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Annotated Bibliography

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History of the Church

William Bausch, Pilgrim Church: A Popular History of Catholic Christianity, (Twenty Third Publications, 2001). Highly readable, accurate coverage of both the sanctity and the sinfulness of the Church. A good place to start.

Raymond E. Brown, The Community of the Beloved Disciple, (Paulist Press, 1979). Traces the development of the "Johannine" church in the New Testament and in the early church. Includes a look at the Gnostic split from the orthodox Johannine Community.

James Carroll, Constantine's Sword: the Church and the Jews, (Houghton Mifflin, 2001). A very readable history of the relationship between Christianity and the Jews.

Stephen Happel and David Tracy, A Catholic Vision, (Fortress Press, 1984). A little treasure. Hard to find, but worth the search. Analyzes the history of Catholic Christianity through three themes: the prophetic, the traditional and the apocalyptic.

Hans Kung, The Catholic Church: a Short History, (Modern Library, 2001). A good readable summary. Focuses mostly on the history of the papacy with an intent of questioning the meaning of infallibility.

Hans Kung, Christianity, (Continuum, 1995). Covers the history through six paradigms: Early Christian apocalyptic; Early Church Hellenistic; Medieval Roman Catholic; Reformation Protestant; Enlightenment Modern; Contemporary Ecumenical. Comprehensive and detailed. Readable, but for the determined reader.

Richard McBrien, Catholicism, (Harper Collins, 1994). A comprehensive guide to the Catholic Church's origins, teaching , traditions and development. A handy and readable reference that should be on the book-shelf of any contemporary Catholic.

Richard McBrien, Lives of the Popes, (Harper, 1997) Gives a brief bio of each of the 262 popes. The introduction, chapter introductions and epilogue are worth the price of the book.

Structures of the Church

Raymond E. Brown, The Churches the Apostles Left Behind, (Paulist Press, 1984). Describes seven different church structures in the New Testament period after the death of the apostles. A glimpse of the diversity in the early church.

Avery Dulles, Models of the Church: A Critical Assessment of the Church in All its Aspects, (Doubleday, 1974). An American theologian examines five models: institution, communion, sacrament, herald, servant. Holds that the institutional has been too dominant and opts for primacy of communion model, though all are important.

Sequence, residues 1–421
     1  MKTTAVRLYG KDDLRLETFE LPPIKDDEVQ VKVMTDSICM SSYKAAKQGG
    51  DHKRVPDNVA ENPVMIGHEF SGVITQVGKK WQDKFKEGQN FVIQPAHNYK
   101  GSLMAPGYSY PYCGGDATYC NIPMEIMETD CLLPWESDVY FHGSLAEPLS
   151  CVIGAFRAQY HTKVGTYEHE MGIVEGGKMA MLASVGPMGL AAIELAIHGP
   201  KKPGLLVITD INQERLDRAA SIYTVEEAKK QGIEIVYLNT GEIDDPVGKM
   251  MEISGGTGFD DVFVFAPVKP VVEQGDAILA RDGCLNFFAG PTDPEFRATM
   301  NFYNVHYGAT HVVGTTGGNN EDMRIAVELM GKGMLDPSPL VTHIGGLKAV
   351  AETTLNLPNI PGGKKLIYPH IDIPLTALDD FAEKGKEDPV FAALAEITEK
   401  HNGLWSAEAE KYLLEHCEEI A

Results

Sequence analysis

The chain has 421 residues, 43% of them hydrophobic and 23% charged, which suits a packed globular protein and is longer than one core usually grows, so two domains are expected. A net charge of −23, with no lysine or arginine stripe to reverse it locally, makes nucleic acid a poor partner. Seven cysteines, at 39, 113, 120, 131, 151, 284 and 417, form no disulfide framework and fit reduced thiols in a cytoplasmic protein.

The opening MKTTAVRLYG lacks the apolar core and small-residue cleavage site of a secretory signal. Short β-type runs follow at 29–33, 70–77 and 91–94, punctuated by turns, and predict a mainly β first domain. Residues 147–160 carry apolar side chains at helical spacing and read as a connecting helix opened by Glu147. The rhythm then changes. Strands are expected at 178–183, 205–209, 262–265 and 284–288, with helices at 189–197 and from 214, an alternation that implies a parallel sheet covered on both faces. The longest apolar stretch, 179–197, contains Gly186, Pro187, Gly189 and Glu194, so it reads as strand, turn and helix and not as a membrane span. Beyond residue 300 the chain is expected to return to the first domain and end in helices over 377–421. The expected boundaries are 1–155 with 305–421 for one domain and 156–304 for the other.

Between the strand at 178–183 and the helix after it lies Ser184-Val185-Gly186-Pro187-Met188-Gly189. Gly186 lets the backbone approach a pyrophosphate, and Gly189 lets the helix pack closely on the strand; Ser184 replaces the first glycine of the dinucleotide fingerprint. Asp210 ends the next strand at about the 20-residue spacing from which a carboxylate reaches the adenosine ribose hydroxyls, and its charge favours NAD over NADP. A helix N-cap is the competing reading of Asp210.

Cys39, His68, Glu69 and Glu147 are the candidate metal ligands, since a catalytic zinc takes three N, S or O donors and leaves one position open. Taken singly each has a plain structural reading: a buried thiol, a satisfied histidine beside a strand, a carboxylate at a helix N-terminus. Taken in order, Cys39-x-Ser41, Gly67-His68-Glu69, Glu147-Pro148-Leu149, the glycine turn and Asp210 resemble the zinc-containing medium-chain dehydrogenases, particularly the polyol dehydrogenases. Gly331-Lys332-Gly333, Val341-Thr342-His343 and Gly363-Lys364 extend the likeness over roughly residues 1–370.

Hans Kung, The Church, (Sheed and Ward, 1967). A dense and scholarly analysis of the structures, dimensions and offices of the Church.

Hans Kung, Structures of the Church, (Thomas Nelson, 1967). An historical analysis of church structures through a review of Church Councils. For the determined reader.

John R. Quinn, The Reform of the Papacy: The Costly Call to Christian Unity, (Crossroads/Herder, 1999). Former Archbishop of San Francisco points out that centralization, hierarchical appointment of bishops, etc., militate against the emphasis of Vatican II on collegiality. Good for discussion groups.

Current Views of the Church

John Allen, Conclave (Doubleday, 2003). A fascinating look at the process for electing a new Pope. Takes reader behind the scenes to reveal the issues, parties and people most likely to determine the outcome.

David Gibson, The Coming Catholic Church: How the Faithful are Shaping a New American Catholicism, (Harper, 2003). A journalistic view of the sexual abuse crisis and its impact on the future of the American Church. A left of center viewpoint.

Andrew Greeley, The Catholic Imagination, (University of California, 2000). Draws on sociological analysis to differentiate the Catholic imagination from a Protestant imagination. Shows how we are shaped by our traditions and our cultural imaginations.

Philip Kaufman, OSB, Why You Can Disagree and Remain a Faithful Catholic

Thomas Groome, What Makes us Catholic: Eight Gifts for Life, (Harper, 2002). An American Catholic religious educator reflects on the sensibilities of Catholics which shapes their prospective on life.

Michael Morwood, Tomorrow's Catholic:Understanding God and Jesus in a New Millennium, (Twenty-Third Publications, 1999). This short (140 pp.) and very readable book invites to reflect on our contemporary experience to discover the presence of God communicated through Jesus and to re-interpret our traditions.

Michael Novak and Jana Novak, Tell Me Why: A Father Answers His Daughter's Questions about God, (Atria Books, 1998). A question and answer conversation between a believing Father and a skeptical daughter about God, faith and morals.

Peter Steinfels, A People Adrift: The Crisis of the Roman Catholic Church in America, (Simon and Schuster, 2003). A balanced analysis of the current crisis by a well-known American Catholic writer. Listens to both liberal and conservative positions, though moderately liberal in his own recommendations.

George Weigel, The Truth of Catholicism: Inside the Essential Teachings of the Church Today, (Perennial, 2002). A clear exposition of the positions of the current leadership in the Church today. Draws conclusions on a variety of issues from the principles of Catholic thinking.

George Weigel, The Courage to be Catholic: Crisis, Reform and the Future of the Church (Basic Books, 2002). Weigel blames the crisis on a "culture of dissent" following Vatican II, creating an internal schism in the Church. He is opposed to a married priesthood and women priests, but makes some positive suggestions for reform.

Garry Wills, Papal Sin: Structures of Deceit, (Doubleday, 2000) Traces the history of the papacy, and focuses on the structures that have blinded church leaders from upholding truth. Quite readable.